It should be relatively trivial to add a single configuration option and use that instead of a hard-coded string constant. Non-techie users (the great majority of those who ask for help) will never change the default domain anyway, so there won't be any harm.
This way you will not alienate power users who want more control over their DNS.
The beauty of GPL is that the code is freely available. I can make changes and rebuild your code if I want to. But I would very much prefer not to do it.
As another data point, I'm grateful for Pi-hole's ability to resolve pi.hole itself across available interfaces. I find it to be a very useful fixed point of reference to test whether or not Pi-hole is correctly acting as the DNS on a network. In particular, keeping it enabled and hard-coded within Pi-hole itself, and out-of-band with respect to the standard OS services, makes the result that much more trustworthy.
In the end this seems quite some controversial topic even though - interestingly enough - this is the first time this request has come up. I have since then heard not that many voices but those who spoke up had quite diverging opinions both in this thread but also via DM.
Overall, I don't think we should change something right now. However, note that we are pretty advanced in the next-gen Pi-hole v6.0 development where you will have a setting
which could easily be understood as being the (currently hard-coded) domain in question here. I could even imagine that setting this variable to an empty string disables the hard-coded domain and also serving the web interface on this domain (even if it is still pointing to your Pi-hole via other means). Serving via IP still seems reasonable in this case.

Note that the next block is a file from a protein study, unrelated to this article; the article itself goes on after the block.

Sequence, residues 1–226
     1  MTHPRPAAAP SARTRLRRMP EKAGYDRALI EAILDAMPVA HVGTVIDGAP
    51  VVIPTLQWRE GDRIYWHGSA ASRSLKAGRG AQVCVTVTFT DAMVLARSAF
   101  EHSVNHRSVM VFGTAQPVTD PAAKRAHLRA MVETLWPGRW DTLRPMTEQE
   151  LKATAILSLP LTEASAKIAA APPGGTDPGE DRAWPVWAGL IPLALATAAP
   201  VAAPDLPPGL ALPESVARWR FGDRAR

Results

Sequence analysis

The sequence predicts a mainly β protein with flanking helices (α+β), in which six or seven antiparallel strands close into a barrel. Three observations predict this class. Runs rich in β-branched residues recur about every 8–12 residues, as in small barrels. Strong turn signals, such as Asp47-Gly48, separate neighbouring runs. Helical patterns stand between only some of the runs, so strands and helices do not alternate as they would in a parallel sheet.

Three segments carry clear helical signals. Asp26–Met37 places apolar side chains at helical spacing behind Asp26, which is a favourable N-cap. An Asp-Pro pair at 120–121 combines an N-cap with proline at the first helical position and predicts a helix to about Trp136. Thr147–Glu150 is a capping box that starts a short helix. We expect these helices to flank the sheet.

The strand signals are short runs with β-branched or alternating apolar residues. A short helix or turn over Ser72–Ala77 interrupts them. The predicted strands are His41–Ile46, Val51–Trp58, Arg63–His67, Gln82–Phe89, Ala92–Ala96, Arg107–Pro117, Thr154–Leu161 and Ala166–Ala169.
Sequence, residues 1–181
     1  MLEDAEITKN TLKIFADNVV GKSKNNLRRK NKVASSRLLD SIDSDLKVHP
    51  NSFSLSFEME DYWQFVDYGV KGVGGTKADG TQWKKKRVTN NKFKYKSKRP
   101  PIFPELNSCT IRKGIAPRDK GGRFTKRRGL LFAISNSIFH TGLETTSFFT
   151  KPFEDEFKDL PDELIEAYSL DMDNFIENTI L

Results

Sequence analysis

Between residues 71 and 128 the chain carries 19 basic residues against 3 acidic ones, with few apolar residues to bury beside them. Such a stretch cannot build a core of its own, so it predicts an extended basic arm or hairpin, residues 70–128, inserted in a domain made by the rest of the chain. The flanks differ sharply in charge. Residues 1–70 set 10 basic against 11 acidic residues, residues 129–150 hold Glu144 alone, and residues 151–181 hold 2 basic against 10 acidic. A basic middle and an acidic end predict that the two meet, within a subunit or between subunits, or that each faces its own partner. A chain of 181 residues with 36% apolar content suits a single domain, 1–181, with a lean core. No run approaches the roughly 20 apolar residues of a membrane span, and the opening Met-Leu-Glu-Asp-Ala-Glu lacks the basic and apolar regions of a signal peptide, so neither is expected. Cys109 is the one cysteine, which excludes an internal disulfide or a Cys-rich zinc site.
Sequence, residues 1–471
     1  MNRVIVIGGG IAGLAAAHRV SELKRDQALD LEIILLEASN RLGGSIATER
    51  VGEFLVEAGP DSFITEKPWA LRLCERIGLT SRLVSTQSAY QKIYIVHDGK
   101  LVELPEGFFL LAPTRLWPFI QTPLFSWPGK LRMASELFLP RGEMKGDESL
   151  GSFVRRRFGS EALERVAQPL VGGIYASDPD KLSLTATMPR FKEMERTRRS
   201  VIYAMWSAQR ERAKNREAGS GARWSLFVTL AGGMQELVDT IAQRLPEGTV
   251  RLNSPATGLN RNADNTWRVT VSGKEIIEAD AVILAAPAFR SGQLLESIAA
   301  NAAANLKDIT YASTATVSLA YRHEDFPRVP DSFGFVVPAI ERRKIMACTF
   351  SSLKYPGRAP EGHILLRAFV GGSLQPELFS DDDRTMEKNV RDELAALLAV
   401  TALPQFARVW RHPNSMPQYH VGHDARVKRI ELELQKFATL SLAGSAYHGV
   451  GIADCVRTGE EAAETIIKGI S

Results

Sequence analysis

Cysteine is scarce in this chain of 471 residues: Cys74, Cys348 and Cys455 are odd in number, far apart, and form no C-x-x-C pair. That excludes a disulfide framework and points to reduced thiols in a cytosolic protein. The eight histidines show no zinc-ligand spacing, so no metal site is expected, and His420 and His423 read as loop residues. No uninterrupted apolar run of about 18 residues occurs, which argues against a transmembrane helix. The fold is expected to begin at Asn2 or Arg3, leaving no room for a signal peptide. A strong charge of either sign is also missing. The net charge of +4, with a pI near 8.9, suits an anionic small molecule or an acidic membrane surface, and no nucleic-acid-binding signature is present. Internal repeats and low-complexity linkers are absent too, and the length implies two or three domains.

I'm not yet really convinced about this extension and am still collecting opinions here on this proposed change. I'm sorry, the process surely seems to be a long one on this, however, I want to make sure we are not introducing something we "regret" having done next/in a few years from now.
I agree it's never a good idea to rush with changes. Well, unless you have a security vulnerability.
My personal opinion is that there should be as little non-configurable hard-coded functionality as possible. A DNS server should not have domains permanently "baked" into it. Having a pre-defined "default" domain for accessing the admin console IS useful, but the way this domain is currently implemented isn't the best.
But other users and developers may have different opinions and I will respect them.
As I've mentioned before, the beauty of FOSS is that anyone is free to modify the code to better suit their needs. If ultimately you decide not to include an option, I can always tweak the code to remove the domain.